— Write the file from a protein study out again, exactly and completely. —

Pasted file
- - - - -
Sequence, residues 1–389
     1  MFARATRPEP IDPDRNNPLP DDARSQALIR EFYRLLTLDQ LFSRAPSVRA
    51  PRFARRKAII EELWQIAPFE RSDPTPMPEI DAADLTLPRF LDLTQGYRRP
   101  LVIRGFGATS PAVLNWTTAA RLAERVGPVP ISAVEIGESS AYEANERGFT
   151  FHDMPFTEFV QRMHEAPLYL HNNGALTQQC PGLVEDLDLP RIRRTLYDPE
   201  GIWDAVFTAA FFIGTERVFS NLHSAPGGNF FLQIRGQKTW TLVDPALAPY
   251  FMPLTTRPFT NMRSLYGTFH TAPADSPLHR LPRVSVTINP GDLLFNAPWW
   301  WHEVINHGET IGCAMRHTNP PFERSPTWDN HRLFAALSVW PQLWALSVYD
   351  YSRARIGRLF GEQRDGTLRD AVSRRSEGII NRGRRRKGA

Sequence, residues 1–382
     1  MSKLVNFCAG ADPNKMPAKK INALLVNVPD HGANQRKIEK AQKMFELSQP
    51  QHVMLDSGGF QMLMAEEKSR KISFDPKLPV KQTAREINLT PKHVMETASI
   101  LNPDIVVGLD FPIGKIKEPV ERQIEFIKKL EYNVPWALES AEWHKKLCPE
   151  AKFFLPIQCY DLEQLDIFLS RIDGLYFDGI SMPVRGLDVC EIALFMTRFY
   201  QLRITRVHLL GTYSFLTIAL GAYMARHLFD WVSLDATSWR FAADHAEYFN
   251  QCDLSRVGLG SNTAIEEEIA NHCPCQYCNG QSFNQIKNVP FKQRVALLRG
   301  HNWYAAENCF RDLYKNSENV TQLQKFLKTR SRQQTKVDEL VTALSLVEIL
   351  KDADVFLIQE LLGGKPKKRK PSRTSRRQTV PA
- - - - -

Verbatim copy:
Sequence, residues 1–389
     1  MFARATRPEP IDPDRNNPLP DDARSQALIR EFYRLLTLDQ LFSRAPSVRA
    51  PRFARRKAII EELWQIAPFE RSDPTPMPEI DAADLTLPRF LDLTQGYRRP
   101  LVIRGFGATS PAVLNWTTAA RLAERVGPVP ISAVEIGESS AYEANERGFT
   151  FHDMPFTEFV QRMHEAPLYL HNNGALTQQC PGLVEDLDLP RIRRTLYDPE
   201  GIWDAVFTAA FFIGTERVFS NLHSAPGGNF FLQIRGQKTW TLVDPALAPY
   251  FMPLTTRPFT NMRSLYGTFH TAPADSPLHR LPRVSVTINP GDLLFNAPWW
   301  WHEVINHGET IGCAMRHTNP PFERSPTWDN HRLFAALSVW PQLWALSVYD
   351  YSRARIGRLF GEQRDGTLRD AVSRRSEGII NRGRRRKGA

Sequence, residues 1–382
     1  MSKLVNFCAG ADPNKMPAKK INALLVNVPD HGANQRKIEK AQKMFELSQP
    51  QHVMLDSGGF QMLMAEEKSR KISFDPKLPV KQTAREINLT PKHVMETASI
   101  LNPDIVVGLD FPIGKIKEPV ERQIEFIKKL EYNVPWALES AEWHKKLCPE
   151  AKFFLPIQCY DLEQLDIFLS RIDGLYFDGI SMPVRGLDVC EIALFMTRFY
   201  QLRITRVHLL GTYSFLTIAL GAYMARHLFD WVSLDATSWR FAADHAEYFN
   251  QCDLSRVGLG SNTAIEEEIA NHCPCQYCNG QSFNQIKNVP FKQRVALLRG
   301  HNWYAAENCF RDLYKNSENV TQLQKFLKTR SRQQTKVDEL VTALSLVEIL
   351  KDADVFLIQE LLGGKPKKRK PSRTSRRQTV PA